If you were anywhere near a TV in the 90s you’ll undoubtedly remember Phoebe from Friends’ infamous little tune with the rather prophetic lyrics “…smelly cat, smelly cat, what are they feeding you? Smelly cat, smelly cat it’s not your fault!”1. Well, following in Phoebe’s footsteps, this little article goes out to all the itchy, scratchy, stinky, weepy, flaky, snotty, rashy, shedding, belching, four-legged farty-bums out there. I hear you!
We humans are relatively lucky in that, in this modern era, if our two-legged family members or friends suffer from recurring digestive, skin or inflammatory issues, testing for food sensitivities is often one of the first medical avenues of investigation.
Our furry friends don’t have it quite so lucky just yet. While there are a few holistically aware vets out there who can spot the symptoms of a food sensitivity from a country mile, it’s unfortunately much more likely that a trip to your local clinic for a skin problem will result in a tube of cortisone cream, and a recurring ear infection will just reap yet another antibiotic prescription. When that tube is empty, the antibiotics are done and those issues just pop right back up, “why does this keep happening?!” can become a soul-destroying mantra.
Canine food sensitivities are not uncommon and are often over looked. An undiagnosed food intolerance is an insidious wee beastie that can detrimentally effect your furry friend’s health on a number of levels.
Could my dog have food sensitivities?
Ask any dog owner what makes their dog special and the adjectives will undoubtedly flow - we all know just how unique each and every dog is in personality, intelligence and eccentricities, but it’s important to realise that it doesn’t stop there. Just like humans, each and every dog is unique, inside and out, with their own unique DNA, genetic successes and failings.
Food sensitivities often effect purebreds more than mixed breeds due to inbreeding perpetuating any present hereditary genetic mutations. Some specific breeds are known to be more susceptible to food sensitivities than others. Research suggests that Irish Setters may be particularly inclined toward coeliac disease2, while Bull Terriers and West Highland White Terriers commonly exhibit the autoimmune skin and inflammatory symptoms relating to grain and diary-related sensitivities. More research continues to come to light on breed-specific sensitivities, but the truth is that any dog of any breed or mix can carry the SNPs (gene mutations) that may make them susceptible to the development of food sensitivities.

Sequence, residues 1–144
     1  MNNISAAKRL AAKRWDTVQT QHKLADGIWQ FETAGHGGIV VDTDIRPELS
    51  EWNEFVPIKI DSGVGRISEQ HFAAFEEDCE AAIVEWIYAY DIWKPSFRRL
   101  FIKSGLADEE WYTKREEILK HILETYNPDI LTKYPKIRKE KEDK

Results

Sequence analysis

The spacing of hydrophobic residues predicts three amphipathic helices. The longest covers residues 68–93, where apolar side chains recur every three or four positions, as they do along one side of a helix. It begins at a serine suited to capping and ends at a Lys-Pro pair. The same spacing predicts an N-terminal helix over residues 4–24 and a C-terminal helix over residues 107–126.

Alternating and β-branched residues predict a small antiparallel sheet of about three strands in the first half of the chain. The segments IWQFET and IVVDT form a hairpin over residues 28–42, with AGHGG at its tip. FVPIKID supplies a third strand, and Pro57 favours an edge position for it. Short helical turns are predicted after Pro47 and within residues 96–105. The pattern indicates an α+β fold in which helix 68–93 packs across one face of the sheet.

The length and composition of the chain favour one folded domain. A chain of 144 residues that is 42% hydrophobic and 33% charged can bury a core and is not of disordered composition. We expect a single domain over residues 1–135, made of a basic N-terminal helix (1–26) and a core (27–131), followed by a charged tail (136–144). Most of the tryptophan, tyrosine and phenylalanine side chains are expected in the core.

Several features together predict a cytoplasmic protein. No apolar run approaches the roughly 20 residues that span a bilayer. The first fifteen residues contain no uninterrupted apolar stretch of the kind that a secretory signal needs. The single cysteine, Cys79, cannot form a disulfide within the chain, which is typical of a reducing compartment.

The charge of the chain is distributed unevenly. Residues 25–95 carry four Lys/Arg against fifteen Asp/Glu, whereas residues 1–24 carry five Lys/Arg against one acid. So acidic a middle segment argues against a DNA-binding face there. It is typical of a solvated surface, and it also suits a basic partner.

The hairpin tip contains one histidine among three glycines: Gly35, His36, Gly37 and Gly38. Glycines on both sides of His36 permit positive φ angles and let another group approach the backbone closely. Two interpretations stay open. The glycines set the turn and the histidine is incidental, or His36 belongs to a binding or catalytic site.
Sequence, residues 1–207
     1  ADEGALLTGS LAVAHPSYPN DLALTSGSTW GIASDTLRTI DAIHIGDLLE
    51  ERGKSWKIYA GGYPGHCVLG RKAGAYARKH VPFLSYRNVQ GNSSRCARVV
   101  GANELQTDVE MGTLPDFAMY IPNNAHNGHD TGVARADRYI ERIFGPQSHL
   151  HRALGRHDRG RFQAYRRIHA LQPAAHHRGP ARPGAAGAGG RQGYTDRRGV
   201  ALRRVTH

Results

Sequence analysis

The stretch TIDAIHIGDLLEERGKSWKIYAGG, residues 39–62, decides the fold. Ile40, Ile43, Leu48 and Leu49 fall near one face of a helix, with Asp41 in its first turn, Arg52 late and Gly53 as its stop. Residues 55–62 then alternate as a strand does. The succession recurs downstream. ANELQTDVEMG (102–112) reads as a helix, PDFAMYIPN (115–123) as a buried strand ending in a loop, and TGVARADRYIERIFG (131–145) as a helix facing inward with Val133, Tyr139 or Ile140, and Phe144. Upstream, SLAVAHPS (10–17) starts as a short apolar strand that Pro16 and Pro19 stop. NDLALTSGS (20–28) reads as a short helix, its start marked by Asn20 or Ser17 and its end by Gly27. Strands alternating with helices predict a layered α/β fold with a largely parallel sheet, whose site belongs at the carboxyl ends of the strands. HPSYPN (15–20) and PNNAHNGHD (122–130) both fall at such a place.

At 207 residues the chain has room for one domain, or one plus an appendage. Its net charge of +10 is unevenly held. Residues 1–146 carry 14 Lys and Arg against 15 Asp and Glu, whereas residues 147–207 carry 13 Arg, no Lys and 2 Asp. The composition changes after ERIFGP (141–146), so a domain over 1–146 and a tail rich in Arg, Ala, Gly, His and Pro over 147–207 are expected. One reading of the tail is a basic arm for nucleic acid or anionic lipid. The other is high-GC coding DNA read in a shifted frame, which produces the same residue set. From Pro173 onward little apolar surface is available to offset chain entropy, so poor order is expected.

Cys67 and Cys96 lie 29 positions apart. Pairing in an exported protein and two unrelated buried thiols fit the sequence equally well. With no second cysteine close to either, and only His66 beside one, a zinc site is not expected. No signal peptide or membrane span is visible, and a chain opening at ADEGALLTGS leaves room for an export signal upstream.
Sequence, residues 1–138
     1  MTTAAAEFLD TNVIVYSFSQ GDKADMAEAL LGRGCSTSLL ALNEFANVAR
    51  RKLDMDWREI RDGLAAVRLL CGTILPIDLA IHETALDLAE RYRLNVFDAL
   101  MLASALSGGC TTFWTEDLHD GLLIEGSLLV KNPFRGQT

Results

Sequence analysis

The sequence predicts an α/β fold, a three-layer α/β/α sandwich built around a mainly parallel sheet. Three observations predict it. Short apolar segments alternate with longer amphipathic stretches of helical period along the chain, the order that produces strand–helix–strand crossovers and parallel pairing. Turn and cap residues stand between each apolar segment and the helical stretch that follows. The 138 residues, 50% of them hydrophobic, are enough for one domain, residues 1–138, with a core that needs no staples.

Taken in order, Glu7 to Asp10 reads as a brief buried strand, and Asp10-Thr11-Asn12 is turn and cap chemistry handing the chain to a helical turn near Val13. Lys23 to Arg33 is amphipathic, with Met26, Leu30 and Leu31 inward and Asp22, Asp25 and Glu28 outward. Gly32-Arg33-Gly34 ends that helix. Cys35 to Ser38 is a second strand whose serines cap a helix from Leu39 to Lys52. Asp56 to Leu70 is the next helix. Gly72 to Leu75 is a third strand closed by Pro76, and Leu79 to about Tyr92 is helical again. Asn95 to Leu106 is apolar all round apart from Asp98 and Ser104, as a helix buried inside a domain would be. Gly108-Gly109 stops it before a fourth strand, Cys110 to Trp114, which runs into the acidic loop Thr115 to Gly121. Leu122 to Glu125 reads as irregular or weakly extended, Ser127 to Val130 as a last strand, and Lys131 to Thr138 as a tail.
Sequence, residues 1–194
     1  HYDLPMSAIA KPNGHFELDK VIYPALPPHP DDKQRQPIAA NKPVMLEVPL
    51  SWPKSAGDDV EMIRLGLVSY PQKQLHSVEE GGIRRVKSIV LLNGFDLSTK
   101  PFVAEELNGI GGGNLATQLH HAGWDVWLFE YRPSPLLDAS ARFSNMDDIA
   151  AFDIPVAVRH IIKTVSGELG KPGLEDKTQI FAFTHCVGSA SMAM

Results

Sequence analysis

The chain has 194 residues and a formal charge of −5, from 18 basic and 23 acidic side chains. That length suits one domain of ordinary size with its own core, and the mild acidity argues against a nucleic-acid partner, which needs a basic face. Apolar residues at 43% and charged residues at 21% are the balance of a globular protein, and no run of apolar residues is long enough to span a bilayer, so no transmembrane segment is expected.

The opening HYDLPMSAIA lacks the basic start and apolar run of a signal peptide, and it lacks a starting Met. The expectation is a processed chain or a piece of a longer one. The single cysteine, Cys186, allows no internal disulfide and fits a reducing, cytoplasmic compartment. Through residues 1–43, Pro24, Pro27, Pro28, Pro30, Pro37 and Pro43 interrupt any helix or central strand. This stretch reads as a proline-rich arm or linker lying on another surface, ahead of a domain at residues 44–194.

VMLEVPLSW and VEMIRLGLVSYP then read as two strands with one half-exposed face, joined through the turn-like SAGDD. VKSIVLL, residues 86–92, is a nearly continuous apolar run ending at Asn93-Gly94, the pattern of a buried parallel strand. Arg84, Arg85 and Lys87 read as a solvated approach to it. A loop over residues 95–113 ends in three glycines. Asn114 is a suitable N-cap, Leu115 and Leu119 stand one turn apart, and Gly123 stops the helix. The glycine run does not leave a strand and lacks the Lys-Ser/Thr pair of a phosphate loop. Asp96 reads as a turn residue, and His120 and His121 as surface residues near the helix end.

But how would I know?
If your dog suffers from any of the following; chronic or recurring skin or foot sores, ear or sinus infections, runny or mucousy nose or eyes, gas, diarrhoea or vomiting, joint stiffness/arthritis, excessive shedding, dull coat, rashes, smelly skin, seasonal allergies, lethargy or a decreased desire to play or exercise, then sussing out potential food intolerances should be a priority.
To get to grips with your dog’s unique dietary foibles, a shift in perception is important - a willingness to think holistically. This means understanding that the issues listed above not isolated conditions, but rather symptoms of a greater imbalance. Finding and addressing the underlying sensitivities causing that imbalance can have a dramatic effect on your dog’s quality of life, leaving you relieved, empowered, and saving a lot in vet bills!
Where do I start?